Yes Quest 2 may be having inbuilt 5G receiver on HMD and 5G transmitter in form of Router like base station which connects to PC via DP /HDMI.

    • Mei Ling

      “Could an adapter like this allow for Quest v1 to work this way? Possibly.”

      Yes this is very possible. A refresh of the Quest to allow this to happen will have to be done because the underlying technology hasn’t been integrated into Quest V1 hardware.

    • kontis

      Quest cannot operate with a more raw video / raw frames like Vive Wireless Solution as the USB port in the Quest cannot accept this kind amount of data, but a better wireless connection with huge bandwidth can always be useful to improve quality and reliability for the solution that Oculus already has in the Link.

      The Link actually doesn’t need this kind of bandwidth. A cheaper wifi like solution might be enough and the 60 Ghz probably wouldn’t be utilized enough to make it worth the cost.

  • Sven Viking

    If they got wireless streaming working well enough on a standalone (maybe requiring their own transmitter to avoid problems with unpredictable WiFi hardware), I’m not so certain there would be a Rift 2.

    • Mei Ling

      Indeed. It’s uncertain whether or not Facebook intend to merge the Quest and Rift product lines into a singular unit or SKU.

      Previously I’ve made a prediction that this would happen eventually although Ben does give a valid argument in terms of the “thin-client’ approach.

      In theory a PC dedicated device with some sort of integrated wireless receiver could be made significantly lighter therefore this calls into question the ergonomics and user experience in comparison to a heavier device that houses an SoC. This would give a valid reason to continue to branch out into two distinct product lines; a versatile mobile standalone platform, and a home-use dedicated platform.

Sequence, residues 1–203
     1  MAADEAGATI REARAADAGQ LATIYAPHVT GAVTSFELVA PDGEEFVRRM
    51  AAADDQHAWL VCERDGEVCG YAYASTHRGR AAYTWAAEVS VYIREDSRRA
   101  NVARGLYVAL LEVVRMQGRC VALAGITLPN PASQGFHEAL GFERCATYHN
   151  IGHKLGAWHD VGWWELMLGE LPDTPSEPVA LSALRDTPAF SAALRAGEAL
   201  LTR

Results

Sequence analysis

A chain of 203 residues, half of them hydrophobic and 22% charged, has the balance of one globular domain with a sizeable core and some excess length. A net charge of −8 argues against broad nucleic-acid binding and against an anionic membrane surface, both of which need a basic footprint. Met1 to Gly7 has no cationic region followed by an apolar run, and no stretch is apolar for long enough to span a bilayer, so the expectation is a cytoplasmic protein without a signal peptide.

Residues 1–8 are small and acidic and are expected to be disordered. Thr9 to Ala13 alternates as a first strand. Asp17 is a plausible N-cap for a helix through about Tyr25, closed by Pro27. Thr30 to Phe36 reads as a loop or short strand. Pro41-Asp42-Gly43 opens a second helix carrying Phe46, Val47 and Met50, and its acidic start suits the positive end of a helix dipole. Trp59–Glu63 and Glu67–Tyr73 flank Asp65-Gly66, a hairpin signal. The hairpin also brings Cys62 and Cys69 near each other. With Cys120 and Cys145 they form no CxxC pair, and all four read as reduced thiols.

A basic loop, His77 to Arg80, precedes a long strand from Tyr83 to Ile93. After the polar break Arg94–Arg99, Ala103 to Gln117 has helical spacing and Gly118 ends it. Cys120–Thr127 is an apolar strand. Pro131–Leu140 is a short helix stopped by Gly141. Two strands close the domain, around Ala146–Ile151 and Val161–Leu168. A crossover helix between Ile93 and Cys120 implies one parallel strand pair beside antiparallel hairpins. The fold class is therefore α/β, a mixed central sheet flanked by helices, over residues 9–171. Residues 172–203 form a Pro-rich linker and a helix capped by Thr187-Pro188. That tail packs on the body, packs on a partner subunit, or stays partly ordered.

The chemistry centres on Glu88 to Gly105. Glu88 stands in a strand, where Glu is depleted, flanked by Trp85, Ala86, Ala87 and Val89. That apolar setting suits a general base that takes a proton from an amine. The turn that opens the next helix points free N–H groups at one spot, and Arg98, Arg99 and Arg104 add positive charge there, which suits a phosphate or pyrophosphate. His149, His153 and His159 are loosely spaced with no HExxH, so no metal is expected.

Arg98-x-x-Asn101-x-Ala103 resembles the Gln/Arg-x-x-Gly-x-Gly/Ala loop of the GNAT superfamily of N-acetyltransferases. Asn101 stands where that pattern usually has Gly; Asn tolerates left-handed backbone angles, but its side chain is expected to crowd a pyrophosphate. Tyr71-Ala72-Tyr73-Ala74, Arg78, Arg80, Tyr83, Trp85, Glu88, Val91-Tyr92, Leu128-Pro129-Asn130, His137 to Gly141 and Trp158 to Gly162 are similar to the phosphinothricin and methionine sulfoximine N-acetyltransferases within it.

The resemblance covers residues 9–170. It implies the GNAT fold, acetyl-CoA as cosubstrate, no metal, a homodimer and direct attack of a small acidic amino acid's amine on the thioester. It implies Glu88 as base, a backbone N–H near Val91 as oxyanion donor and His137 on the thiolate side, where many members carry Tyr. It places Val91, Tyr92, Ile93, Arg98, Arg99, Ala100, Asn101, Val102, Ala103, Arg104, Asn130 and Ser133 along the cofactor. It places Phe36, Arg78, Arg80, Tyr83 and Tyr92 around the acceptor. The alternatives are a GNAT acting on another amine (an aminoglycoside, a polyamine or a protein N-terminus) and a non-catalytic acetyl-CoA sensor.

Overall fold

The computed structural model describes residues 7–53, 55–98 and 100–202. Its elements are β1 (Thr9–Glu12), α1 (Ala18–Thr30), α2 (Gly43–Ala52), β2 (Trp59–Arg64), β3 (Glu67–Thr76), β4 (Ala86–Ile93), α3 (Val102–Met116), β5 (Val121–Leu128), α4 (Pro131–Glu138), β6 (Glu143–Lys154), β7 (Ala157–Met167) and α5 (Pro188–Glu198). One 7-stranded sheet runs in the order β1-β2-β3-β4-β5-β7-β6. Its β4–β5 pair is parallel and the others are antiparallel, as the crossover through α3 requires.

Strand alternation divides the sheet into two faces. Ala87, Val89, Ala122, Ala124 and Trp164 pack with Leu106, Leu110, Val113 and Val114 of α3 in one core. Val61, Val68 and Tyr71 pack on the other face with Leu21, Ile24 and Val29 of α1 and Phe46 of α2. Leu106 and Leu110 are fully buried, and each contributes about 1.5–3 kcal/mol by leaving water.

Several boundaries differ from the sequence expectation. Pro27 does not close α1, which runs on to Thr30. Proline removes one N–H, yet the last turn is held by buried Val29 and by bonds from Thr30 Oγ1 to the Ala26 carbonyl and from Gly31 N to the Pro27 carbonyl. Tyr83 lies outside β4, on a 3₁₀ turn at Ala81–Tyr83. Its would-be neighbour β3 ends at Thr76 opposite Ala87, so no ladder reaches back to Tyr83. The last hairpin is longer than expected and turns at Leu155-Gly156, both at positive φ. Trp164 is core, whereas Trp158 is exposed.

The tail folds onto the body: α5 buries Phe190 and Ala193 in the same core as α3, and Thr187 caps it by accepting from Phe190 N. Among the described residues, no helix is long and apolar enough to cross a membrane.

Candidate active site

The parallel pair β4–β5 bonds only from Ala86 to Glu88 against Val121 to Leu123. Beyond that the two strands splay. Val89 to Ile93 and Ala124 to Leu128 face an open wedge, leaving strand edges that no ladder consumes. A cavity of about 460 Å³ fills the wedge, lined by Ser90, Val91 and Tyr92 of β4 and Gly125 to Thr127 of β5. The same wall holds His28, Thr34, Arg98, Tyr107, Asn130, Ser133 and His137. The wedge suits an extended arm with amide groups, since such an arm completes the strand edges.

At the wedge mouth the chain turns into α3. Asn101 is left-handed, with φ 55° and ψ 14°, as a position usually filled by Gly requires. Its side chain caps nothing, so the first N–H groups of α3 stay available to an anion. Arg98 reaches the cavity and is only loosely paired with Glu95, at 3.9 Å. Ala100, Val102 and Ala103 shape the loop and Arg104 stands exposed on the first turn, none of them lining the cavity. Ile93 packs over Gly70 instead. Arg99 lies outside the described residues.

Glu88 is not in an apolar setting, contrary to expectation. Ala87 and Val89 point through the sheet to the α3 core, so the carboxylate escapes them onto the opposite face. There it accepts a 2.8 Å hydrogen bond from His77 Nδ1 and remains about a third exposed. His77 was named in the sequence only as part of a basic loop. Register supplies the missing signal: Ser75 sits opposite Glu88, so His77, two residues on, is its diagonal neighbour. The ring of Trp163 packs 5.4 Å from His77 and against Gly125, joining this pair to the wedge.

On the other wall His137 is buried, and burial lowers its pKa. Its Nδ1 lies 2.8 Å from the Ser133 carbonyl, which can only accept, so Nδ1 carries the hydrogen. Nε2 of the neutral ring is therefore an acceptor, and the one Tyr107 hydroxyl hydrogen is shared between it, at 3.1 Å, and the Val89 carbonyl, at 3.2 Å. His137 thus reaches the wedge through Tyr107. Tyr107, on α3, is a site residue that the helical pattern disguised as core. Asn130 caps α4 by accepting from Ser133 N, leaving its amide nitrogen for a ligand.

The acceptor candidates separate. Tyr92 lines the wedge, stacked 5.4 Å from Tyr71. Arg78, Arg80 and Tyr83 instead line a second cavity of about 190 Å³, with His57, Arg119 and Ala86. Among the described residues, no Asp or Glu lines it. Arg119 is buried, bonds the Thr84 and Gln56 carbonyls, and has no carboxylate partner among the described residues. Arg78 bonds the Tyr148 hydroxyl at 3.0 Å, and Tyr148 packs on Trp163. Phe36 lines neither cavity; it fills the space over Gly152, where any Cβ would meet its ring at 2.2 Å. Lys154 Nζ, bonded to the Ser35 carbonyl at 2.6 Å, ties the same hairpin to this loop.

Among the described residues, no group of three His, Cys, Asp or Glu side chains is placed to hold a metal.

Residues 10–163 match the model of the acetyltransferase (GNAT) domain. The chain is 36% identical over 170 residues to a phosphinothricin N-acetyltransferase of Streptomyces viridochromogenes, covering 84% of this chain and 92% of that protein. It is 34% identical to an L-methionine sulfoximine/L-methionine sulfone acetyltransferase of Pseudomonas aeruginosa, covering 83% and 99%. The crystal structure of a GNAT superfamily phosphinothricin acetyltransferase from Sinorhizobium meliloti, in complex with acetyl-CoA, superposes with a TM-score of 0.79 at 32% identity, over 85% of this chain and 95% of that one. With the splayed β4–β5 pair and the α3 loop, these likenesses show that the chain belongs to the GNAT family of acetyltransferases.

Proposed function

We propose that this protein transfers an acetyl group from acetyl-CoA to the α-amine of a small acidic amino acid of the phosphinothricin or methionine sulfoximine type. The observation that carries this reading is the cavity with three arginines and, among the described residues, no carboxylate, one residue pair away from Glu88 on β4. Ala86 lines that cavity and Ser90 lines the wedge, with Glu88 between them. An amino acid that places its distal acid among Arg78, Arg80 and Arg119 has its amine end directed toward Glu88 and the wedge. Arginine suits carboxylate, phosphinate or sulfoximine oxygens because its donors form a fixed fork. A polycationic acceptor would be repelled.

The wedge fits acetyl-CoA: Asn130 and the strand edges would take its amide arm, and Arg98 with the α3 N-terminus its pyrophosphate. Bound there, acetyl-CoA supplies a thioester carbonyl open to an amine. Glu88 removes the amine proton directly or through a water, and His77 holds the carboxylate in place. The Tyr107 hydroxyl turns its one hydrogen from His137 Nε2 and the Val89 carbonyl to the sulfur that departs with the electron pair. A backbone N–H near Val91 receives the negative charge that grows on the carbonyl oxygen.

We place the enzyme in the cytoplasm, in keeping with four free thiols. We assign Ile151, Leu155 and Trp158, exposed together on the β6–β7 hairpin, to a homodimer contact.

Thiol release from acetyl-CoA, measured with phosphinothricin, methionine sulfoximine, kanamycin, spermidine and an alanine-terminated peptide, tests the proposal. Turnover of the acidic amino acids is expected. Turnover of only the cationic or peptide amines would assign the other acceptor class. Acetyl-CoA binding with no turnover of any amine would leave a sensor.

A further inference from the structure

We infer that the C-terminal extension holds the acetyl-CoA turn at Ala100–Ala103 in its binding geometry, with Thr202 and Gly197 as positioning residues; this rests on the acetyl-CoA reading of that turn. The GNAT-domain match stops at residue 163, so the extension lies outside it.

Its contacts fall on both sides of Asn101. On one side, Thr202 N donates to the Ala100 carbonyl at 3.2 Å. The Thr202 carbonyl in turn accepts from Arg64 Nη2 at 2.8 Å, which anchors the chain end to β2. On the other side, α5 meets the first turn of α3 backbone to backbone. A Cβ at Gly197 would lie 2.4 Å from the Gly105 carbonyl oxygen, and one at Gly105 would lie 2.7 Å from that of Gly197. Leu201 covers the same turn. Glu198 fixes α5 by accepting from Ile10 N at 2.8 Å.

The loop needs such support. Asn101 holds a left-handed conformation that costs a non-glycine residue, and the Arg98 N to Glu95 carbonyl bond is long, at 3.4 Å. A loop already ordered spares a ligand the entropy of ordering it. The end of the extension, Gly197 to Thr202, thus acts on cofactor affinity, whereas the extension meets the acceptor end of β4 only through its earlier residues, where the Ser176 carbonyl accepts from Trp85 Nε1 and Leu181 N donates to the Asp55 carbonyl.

• Sven Viking

        The SoC weight isn’t that significant compared to the battery, though, and for wireless you need the battery plus some sort of dedicated chip for wireless signal processing and video decoding either way.

  • The Bard

    5G chip will work perfectly. 2 GB/s speed and 1 ms. What’s the problem to design the sender (PC side) and receiver on Quest 2 side? If smartphone can send GB/s at low ms, what’s the problem to do the same for 20 meters range on a dedicated VR headset?

    • Andrew Jakobs

      Health issues? it’s already said by some 5G creators that the chips are getting really REALLY hot when used with the highspeeds, like microwave levels…
      As long as there still haven’t been good long term research into 5G and related technologies, I’m not really wanting to have such a chip so close to my brain for a couple of hours.. Also 5G chips tend to need 3 times the power the 4G chips need at the moment..
      I get it we all want wireless highresolution headsets, but not at the cost of your health..

      • bmichaelb

        5G (6Ghz) is less harmful than 5GHz, as it has less penetration power. Hell..it can’t even pass through walls. The faster the wave, the less penetrating power.

        • Andrew Jakobs

          Well, if I see a tree next to a 5G transmitter being dead/leafless only on the side next to the transmitter, I’ll rethink what people say about the signal being harmless… Still no long term research available on the real effects, let’s not forget, they used to say/think that living under powercables was perfectly harmless, now we know better..

          • bmichaelb

            Leaves in a tree are not a great comparison to the thickness of a person’s skull. Do you have a smartphone? Did it give you any health issues? If not, then 5G is going to be fine.

          • Andrew Jakobs